CCRC Resident Risk and The Changing CCRC Industry
By Gerard Hyland, Mary’s Woods, Lake Oswego, Oregon

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Following the bankruptcy of Sunwest of Oregon, manager and developer of 196 nationwide senior living facilities; the bankruptcy of Ericson Retirement Communities, LLC of Maryland, manager and developer of 20 CCRCs with 23,000 residents in 11 states; and the bankruptcy of Covenant of South Hills in Pennsylvania, which resulted in the residents losing their entry fees, the U.S. Senate Special Committee on Aging on July 21, 2010 held the hearing, Continuing Care Retirement Communities (CCRCs): Secure Retirement or Risky Investment?

The Committee’s Majority Staff, Summary of Committee Investigation, Continuing Care Retirement Communities: Risks to Seniors, July 21, 2010 concluded in part:


The CCRC industry promotes the ability for seniors to "age in place" with flexible accommoda¬tions that are designed to meet their health and housing needs as these needs change over time. However, unstable market conditions and poor financial planning have led to financial difficulties or even insolvency among some CCRCs. In addition, choosing a CCRC can be extremely complex due to disparate state regulations, and variations in the type of contract that an individual can sign. Residents need to be aware of the risks that CCRCs pose and consider retaining independent counsel to review these complex agreements. Some of the key areas that a consumer may want to explore include: the CCRC’s ownership and fee structures; financial performance and security measures; entrance fee refund policies; protections against involuntary transfers to different levels of care or to off-campus facilities; the extent to which residents are able to participate in management decisions; the methods available to residents to address their disputes and concerns with the CCRC; under what circumstances a resident can rescind or cancel his/her contract; and whether the CCRC is accredited.”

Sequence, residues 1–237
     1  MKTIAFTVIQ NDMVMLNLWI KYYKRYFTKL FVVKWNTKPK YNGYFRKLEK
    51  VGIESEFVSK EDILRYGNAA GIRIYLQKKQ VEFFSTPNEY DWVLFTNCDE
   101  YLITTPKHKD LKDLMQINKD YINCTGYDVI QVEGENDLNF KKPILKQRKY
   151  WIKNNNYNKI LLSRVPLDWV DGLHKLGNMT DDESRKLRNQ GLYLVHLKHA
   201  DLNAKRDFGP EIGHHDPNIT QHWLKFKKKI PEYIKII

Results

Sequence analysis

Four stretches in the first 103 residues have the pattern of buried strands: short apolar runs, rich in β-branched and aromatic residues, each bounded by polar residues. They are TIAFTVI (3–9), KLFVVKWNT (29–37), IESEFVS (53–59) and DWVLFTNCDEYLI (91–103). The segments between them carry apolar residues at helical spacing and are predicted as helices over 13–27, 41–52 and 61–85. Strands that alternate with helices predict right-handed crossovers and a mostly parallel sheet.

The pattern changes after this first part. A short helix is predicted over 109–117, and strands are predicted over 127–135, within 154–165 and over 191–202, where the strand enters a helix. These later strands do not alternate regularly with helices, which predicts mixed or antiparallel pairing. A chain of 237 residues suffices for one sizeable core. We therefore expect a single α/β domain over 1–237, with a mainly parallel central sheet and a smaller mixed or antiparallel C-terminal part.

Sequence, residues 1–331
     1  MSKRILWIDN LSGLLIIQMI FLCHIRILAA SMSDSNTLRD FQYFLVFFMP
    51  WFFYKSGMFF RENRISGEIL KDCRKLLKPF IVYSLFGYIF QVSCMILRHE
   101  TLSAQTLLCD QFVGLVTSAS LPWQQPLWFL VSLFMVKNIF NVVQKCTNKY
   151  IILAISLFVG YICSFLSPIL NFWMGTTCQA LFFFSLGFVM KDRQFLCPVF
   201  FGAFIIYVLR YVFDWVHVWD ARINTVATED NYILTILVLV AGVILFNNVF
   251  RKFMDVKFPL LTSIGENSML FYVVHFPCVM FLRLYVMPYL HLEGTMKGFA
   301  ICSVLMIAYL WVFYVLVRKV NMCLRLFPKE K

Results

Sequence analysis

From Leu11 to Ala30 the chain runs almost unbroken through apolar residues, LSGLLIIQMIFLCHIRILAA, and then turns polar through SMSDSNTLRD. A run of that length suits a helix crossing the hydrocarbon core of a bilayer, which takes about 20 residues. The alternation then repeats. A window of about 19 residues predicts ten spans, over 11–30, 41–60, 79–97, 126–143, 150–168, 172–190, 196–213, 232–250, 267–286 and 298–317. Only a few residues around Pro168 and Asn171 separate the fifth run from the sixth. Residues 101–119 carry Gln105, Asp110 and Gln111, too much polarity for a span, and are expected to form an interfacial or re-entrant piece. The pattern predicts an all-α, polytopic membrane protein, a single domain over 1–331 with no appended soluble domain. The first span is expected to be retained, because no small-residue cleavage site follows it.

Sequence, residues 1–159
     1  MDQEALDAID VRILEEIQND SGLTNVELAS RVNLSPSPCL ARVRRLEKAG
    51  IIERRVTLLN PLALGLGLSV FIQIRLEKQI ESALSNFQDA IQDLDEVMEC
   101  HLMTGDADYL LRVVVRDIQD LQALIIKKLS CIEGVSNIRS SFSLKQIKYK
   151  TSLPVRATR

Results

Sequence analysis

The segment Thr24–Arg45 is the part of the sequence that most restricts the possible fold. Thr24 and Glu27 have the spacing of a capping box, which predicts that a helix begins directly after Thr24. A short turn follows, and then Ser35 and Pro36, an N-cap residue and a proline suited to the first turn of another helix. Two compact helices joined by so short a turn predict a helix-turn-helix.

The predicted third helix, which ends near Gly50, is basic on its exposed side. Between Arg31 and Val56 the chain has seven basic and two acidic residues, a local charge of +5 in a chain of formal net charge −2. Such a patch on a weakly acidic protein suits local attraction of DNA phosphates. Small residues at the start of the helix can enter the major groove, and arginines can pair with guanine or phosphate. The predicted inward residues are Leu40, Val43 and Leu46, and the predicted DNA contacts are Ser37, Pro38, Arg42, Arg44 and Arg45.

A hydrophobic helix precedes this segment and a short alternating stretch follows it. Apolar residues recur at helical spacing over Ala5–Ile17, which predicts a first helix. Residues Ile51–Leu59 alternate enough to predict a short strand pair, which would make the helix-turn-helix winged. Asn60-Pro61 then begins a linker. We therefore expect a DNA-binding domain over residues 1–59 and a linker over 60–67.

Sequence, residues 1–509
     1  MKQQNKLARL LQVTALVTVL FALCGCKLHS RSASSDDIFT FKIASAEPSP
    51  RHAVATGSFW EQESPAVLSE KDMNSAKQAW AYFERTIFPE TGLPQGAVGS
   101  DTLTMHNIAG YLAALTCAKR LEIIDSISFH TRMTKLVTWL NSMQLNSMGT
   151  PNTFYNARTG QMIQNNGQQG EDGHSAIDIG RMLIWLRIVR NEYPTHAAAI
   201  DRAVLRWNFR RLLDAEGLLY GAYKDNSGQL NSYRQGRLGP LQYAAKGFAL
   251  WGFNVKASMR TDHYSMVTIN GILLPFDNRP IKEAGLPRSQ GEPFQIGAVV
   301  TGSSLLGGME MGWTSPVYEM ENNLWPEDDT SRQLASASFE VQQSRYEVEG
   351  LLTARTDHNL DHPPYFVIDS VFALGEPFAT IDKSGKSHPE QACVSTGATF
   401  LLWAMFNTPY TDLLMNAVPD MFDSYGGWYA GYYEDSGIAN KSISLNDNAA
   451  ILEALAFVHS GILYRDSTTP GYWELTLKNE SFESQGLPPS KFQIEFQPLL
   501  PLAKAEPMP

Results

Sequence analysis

Shortly after the Senate Hearing, NaCCRA established a Financial Soundness Committee. CCRC defaults and bankruptcies continued to occur at a rate of two or three per year. Just in the past year, at least two CCRCs filed for bankruptcy protection―University Village in Florida and Greenfields of Geneva in Illinois. Filing for federal bankruptcy protection is very expensive and disruptive, most financially stressed CCRCs seek acquisition by, or affiliation with, a stronger CCRC. Many more CCRCs have inadequate capital to protect and meet their commitments to residents, but they are considered financially sound because they have the cash to pay their bills and secured creditors, thanks to the plentiful supply of cash from entry fees.

The federal government does not regulate CCRCs or residents’ investments in CCRCs. The Securities Exchange Commission (SEC) regulates investors who invest in a CCRC’s bonds. Not-for-profit CCRCs are financed through municipal bonds. These are offered for sale to the public accompanied by an Official Statement. The documents can be almost 400 pages. These statements will include lengthy, 24 pages, more or less, discussions of risks.

Recently, for bonds rated less than investment grade, even if not required by the SEC, these Official Statements, have begun to appear with the warning,

“Except as otherwise described herein, the holders of the Bonds must be “accredited investors,” as defined in Rule 501of Regulation D under the Securities Exchange Act of 1933, as amended (the “Securities Act”) and hold not less than a minimum of $25,000 principal amount of Bonds or must be “qualified institutional buyers,” as defined in Rule 144A under the Securities Act.”

“Investment grade” are bonds with a Fitch rating of BBB or better. Over 75 percent of CCRC bonds are not rated investment grade.

In other words, buyers of the bonds are protected by requiring that buyers are wealthy, sophisticated investors and that they be fully informed of the risks. All others are protected by not being allowed to buy the bonds.

Prospective CCRC residents typically sell their homes and use the proceeds for unsecured entry fees. These fees provide the “risk capital” to provide security for the bondholders. These aging, vulnerable, prospective residents, who are seeking housing and care through end of life, are not offered the protections of a wealthy, sophisticated, secured bondholder. They are not informed of the risks; they will not receive the continuing disclosure of information as the bondholders.